The school rules, which were printed in the student diary, were based on supposedly ‘christian’ principles, and included the statement that homosexuality would not be tolerated because it was not in accordance with god’s will.
The sex education that was provided was a superficial, hetero-normative joke. While the jokes made by my classmates, often within earshot of unresponsive staff, were frequently homophobic.
If I was going to survive here, I would have to suppress my burgeoning same-sex attraction with all my might.
It is hard, even now, especially now, to find the words to describe the utter loneliness of what followed.
Being surrounded 24/7 by 180 other boys, at a school of 1600 students overall, but having absolutely no-one to talk to, or confide in.
Needless to say there were no ‘out’ role models to look up to.
So, I quickly cut myself off, socially and emotionally, rather than risk the ostracism – or worse – of letting slip my secret.
Looking back, it was probably the only rational course of action. But it would slowly erode, and corrode, my self-esteem.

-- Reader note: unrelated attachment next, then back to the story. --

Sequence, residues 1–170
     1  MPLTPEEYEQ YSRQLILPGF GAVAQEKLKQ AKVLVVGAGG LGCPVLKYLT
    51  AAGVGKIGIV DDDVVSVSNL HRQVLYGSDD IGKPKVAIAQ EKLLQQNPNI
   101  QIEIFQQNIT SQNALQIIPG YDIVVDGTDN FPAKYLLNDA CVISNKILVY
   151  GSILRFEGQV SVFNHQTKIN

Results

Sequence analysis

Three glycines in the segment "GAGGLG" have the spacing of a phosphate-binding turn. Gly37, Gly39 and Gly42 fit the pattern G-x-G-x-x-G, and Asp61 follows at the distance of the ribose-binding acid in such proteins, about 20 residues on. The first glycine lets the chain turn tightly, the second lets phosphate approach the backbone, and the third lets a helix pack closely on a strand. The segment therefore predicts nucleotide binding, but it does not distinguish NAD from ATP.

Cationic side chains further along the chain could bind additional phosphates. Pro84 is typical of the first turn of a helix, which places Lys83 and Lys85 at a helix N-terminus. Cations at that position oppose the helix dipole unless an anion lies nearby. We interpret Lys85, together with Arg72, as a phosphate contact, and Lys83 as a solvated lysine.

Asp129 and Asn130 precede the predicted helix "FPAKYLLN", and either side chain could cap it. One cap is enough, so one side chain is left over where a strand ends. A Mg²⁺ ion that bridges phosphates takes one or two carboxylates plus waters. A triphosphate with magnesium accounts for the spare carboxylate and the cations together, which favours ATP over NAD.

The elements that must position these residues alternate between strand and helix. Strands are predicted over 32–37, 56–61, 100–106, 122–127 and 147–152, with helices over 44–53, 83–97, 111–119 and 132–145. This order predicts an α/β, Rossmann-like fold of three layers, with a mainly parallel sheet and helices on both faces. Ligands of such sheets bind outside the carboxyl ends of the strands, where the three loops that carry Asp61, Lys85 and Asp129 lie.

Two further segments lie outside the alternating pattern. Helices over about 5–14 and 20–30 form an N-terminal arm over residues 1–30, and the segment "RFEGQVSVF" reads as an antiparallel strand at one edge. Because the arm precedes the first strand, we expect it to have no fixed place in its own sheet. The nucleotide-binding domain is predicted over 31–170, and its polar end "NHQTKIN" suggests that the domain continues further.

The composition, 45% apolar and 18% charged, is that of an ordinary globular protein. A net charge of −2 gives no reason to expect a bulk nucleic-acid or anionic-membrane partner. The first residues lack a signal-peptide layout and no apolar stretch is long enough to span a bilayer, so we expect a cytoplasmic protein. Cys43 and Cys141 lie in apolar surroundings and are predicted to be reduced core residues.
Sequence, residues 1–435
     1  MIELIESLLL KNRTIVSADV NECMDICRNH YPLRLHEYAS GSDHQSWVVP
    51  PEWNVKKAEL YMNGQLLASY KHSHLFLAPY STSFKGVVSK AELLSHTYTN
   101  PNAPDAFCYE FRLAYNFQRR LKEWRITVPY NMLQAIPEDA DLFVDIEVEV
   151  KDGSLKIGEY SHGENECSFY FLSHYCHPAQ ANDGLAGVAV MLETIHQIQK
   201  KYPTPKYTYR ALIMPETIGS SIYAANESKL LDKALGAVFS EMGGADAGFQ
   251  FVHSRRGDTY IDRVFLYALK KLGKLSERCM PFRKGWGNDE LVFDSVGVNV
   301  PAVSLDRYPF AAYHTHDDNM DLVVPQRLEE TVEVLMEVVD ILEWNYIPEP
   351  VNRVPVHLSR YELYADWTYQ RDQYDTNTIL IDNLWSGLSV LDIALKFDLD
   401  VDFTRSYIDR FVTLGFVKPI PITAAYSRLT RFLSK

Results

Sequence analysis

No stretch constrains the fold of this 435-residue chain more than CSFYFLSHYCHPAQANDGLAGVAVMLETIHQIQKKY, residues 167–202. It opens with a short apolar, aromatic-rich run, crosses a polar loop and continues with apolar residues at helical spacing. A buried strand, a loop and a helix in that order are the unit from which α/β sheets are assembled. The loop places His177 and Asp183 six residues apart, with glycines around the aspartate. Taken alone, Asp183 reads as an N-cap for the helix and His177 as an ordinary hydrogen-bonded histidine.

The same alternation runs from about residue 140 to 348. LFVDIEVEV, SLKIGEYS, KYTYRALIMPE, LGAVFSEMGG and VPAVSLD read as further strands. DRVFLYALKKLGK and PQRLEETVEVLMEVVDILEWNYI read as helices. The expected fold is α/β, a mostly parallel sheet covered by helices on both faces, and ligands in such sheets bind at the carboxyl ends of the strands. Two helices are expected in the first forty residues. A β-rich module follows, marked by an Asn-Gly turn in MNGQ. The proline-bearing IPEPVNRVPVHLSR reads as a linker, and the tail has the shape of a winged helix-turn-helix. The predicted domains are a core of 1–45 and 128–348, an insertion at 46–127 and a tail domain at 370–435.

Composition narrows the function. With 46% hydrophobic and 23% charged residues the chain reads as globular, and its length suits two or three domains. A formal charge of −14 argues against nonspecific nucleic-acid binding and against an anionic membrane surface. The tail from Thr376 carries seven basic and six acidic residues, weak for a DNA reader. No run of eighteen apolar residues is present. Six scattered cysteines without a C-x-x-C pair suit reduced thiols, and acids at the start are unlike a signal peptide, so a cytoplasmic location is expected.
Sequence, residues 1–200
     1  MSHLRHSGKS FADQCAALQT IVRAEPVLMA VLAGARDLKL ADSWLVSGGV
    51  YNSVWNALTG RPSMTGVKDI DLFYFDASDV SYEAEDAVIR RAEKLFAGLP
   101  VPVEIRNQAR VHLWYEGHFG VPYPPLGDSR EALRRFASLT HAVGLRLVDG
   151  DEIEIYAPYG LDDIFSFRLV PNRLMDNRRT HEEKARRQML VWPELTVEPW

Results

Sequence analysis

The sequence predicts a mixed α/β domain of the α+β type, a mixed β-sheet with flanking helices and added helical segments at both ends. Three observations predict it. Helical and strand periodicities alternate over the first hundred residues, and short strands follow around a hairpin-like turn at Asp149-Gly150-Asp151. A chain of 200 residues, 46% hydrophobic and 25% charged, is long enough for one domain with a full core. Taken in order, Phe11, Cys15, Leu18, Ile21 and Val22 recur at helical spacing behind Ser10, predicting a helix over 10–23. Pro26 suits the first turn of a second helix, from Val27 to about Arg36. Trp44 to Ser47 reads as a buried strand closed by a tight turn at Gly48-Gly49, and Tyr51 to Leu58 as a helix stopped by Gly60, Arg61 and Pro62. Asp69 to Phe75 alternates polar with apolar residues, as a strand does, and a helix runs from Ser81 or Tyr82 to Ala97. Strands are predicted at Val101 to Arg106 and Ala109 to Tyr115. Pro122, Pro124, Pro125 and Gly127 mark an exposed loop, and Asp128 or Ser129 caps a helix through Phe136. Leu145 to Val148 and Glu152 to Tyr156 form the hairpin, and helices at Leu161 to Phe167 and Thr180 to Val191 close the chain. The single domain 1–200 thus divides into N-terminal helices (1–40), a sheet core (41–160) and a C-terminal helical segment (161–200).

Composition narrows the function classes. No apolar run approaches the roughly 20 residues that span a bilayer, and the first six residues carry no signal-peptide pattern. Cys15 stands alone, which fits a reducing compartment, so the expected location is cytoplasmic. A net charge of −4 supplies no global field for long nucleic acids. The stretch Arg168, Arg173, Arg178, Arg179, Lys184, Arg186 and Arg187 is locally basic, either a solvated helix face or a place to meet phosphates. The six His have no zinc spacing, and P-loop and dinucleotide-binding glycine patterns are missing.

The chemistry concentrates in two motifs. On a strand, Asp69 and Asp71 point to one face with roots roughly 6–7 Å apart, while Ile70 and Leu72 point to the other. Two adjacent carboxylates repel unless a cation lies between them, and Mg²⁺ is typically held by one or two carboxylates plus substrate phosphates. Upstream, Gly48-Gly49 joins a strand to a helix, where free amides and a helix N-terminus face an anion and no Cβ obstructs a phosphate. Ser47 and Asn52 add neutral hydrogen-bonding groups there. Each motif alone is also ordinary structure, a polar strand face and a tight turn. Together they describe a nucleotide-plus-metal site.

I became so withdrawn that the rest of year 8, and most of year 9, was a numb blur.
As an academic child – some (well, if I’m being honest, most) might say nerd – I concentrated on my schoolwork.
The only snippets I learnt about what it meant to be gay came from pop-culture.
Sneaking peaks at Outrage magazine at the newsagent between school and the local shopping centre.
Scanning newspapers for any gay references I could find. One article about homosexuality from The Australian, back when it actually did journalism, sticks out in my mind, at least in part because of the scantily clad male torso it featured.
Trying to stay up late in the dorm to watch Sex with Sophie Lee, and Melrose Place featuring Matt the (largely-sexless) gay social worker.
Not exactly the most well-rounded education on ‘gayness’, but I devoured any morsel I could get.
My clearest memory of year 9 came one evening during our allocated study period, during which each boarding house year group was supervised by a year 12 student.